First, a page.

But you go ahead

          • Nick Sanders
    • Amy Tuteur, MD

      Ahh, more anti-vaxxer “logic” like this:

      • Barzini

        Here’s an abstract from a PubMed paper
        Abstract from Pubmed

        “Aluminum is an experimentally demonstrated neurotoxin and the most commonly used vaccine adjuvant. Despite almost 90 years of widespread use of aluminum adjuvants, medical science’s understanding about their mechanisms of action is still remarkably poor. There is also a concerning scarcity of data on toxicology and pharmacokinetics of these compounds. In spite of this, the notion that aluminum in vaccines is safe appears to be widely accepted. Experimental research, however, clearly shows that aluminum adjuvants have a potential to induce serious immunological disorders in humans. In particular, aluminum in adjuvant form carries a risk for autoimmunity, long-term brain inflammation and associated neurological complications and may thus have profound and widespread adverse health consequences. In our opinion, the possibility that vaccine benefits may have been overrated and the risk of potential adverse effects underestimated, has not been rigorously evaluated in the medical and scientific community. We hope that the present paper will provide a framework for a much needed and long overdue assessment of this highly contentious medical issue.”

        You can also search ‘aluminium’ and ‘Alzheimers’ in Pubmed – lots of hits

        Or more specifically, you can go to:

        Journal of Alzheimer’s Disease, Volume 29, Number 2 / 2012, pages 255-273

        Injecting aluminium, no thank you

        • Nick Sanders
          • Barzini

            FDA – you serious?

          • Nick Sanders

            Knee-jerk FDA rejection – are you?

          • The Bofa on the Sofa

            I notice you ignored the “pubmed” references that Nick posted below that said the same thing. Let me quote from one of them

            Using these updated parameters we found that the body burden of aluminum from vaccines and diet throughout an infant’s first year of life is significantly less than the corresponding safe body burden of aluminum modeled using the regulatory MRL. We conclude that episodic exposures to vaccines that contain aluminum adjuvant continue to be extremely low risk to infants and that the benefits of using vaccines containing aluminum adjuvant outweigh any theoretical concerns.

            If you are in love with “pubmed” then that addresses your concern.

          • Barzini

            Just to be safe, I won’t be injecting myself with neurotoxins just yet

          • The Bofa on the Sofa

            Why? As this paper describes, “the body burden of aluminum from vaccines and diet throughout an infant’s first year of life is significantly less than the corresponding safe body burden of aluminum”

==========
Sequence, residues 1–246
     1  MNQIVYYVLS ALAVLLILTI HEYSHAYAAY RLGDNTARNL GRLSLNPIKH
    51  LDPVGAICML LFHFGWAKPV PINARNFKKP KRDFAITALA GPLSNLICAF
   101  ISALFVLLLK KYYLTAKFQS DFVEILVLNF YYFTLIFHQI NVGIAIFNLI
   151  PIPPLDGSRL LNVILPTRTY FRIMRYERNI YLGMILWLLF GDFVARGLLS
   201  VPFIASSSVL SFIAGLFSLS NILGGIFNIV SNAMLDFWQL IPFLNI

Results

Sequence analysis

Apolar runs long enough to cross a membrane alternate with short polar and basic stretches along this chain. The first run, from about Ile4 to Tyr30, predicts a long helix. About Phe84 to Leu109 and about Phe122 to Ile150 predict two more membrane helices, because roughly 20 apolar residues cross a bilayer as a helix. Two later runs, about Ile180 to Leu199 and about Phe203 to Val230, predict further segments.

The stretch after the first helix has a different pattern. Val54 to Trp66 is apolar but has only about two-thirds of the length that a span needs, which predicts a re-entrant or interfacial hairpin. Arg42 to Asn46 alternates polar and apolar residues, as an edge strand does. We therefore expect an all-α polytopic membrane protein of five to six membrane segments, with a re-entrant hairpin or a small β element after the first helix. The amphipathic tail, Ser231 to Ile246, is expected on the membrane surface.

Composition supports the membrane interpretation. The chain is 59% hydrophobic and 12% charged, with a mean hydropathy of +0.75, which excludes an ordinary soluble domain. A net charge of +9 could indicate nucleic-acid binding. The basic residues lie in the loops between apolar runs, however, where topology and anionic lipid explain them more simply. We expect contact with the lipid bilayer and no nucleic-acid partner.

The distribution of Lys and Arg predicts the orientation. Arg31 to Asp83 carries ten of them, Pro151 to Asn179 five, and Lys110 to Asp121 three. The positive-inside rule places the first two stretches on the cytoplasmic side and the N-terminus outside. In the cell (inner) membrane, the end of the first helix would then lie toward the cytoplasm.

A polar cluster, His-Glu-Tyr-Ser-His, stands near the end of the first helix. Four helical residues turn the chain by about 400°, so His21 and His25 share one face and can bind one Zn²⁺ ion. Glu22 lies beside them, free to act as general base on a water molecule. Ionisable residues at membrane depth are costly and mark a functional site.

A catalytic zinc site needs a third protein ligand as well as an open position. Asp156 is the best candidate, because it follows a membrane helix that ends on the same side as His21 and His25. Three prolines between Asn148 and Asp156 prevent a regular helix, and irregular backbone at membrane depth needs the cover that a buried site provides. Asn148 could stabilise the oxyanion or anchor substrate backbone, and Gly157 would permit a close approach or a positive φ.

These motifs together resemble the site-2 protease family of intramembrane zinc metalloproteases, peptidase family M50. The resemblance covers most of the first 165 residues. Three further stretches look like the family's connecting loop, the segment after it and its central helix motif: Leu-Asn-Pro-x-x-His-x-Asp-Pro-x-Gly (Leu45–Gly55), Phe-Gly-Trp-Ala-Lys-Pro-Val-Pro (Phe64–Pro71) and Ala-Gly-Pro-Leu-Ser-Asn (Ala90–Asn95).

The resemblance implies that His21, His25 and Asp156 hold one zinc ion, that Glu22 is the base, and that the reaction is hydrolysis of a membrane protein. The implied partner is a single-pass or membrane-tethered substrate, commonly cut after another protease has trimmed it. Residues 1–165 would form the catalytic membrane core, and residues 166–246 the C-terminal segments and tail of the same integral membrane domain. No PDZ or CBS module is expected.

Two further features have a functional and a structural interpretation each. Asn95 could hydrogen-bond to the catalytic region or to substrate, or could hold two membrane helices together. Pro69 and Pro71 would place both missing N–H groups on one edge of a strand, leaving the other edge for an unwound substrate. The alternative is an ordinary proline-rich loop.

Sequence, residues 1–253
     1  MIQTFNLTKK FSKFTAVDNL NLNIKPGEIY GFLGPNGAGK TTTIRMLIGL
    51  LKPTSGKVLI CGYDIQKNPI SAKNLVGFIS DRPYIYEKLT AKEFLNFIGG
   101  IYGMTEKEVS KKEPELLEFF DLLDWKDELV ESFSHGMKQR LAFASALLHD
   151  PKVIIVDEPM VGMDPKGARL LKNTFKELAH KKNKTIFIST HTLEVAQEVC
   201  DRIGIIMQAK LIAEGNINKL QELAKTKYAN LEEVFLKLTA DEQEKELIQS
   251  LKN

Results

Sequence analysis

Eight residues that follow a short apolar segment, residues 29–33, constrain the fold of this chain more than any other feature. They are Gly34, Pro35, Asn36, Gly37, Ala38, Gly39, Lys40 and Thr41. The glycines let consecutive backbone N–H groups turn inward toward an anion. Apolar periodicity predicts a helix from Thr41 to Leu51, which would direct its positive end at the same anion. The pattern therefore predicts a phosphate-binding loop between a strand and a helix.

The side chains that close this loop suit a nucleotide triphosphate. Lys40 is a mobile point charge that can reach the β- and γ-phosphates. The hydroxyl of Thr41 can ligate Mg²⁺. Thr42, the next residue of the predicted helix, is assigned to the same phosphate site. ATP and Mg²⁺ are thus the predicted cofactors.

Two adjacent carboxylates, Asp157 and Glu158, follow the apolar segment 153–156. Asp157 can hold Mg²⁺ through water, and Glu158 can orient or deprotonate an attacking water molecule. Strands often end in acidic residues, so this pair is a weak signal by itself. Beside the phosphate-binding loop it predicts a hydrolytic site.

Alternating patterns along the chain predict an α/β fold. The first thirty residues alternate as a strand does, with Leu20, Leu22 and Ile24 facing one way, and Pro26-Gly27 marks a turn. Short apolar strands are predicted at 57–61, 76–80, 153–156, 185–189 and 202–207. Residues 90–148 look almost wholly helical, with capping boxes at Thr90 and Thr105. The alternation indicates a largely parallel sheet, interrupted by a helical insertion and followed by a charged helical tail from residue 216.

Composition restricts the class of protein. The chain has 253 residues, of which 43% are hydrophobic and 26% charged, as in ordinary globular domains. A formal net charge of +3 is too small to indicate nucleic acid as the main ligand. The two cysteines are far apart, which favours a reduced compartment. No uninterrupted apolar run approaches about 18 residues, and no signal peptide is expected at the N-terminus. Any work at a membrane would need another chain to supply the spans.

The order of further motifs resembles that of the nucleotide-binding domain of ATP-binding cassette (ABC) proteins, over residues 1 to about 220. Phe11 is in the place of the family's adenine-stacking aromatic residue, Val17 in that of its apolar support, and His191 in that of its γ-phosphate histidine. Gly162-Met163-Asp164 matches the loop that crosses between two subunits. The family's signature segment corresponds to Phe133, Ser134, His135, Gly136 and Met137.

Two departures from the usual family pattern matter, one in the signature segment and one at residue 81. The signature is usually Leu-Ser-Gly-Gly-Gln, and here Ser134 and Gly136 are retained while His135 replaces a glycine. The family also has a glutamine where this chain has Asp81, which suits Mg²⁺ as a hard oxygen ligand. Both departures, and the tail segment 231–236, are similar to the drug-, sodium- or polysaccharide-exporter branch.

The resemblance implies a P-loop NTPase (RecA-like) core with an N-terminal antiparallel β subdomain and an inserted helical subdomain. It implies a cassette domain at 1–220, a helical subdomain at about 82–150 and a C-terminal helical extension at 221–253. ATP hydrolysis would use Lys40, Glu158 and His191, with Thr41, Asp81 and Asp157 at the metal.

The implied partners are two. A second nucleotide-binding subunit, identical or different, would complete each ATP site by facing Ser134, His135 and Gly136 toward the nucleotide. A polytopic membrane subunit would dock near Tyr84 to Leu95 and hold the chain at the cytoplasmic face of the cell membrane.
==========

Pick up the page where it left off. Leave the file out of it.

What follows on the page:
And that is for INFANTS, much less for adults. Did you know there is currently more than 30 mg of aluminum in your body? Adding a couple of mgs in a vaccine is not going to affect anything (which you can understand if you know anything about chemical equilibrium)

          • Roadstergal

            The Great Barzini himself cited a paper in this thread showing that the aluminum burden of vaccination is negligible for _pre-term_ infants.

          • Barzini

            Eating and injecting aluminium is completely different

            When you inject it as a vaccine it crosses the blood brain barrier for a start

          • Roadstergal

            You have stated this baseless assertion many times now. Give a citation, or even basic biological plausibility, because it’s lacking that right now.

          • swbarnes2

            Okay, then you should have no problem sequestering your potentially infectious self away from the world. Because the rest of use have a right to be safe too.

          • Barzini

            I live in Switzerland – no one cares here, schools don’t even think of asking, everyone respects one’s right to decide

            Very healthy country Switzerland by the way

          • swbarnes2

            “Switzerland suffered a three-year measles epidemic which finished in summer last year, in which there were more than 4,400 cases, with 339 hospitalisations and one death. ”

            http://www.swissinfo.ch/eng/measles-is-still-a-sore-spot-for-the-swiss/8736280

            http://www.ncbi.nlm.nih.gov/pmc/articles/PMC3929760/

            “In Switzerland, clusters of pertussis must be reported to the government, and current incidence of pertussis is both high (2012: 94/100’000) and increasing”

            So not so healthy after all.

          • Barzini

            Yeah, it’s got one of the lowest measles vaccination rates in Europe, that’s why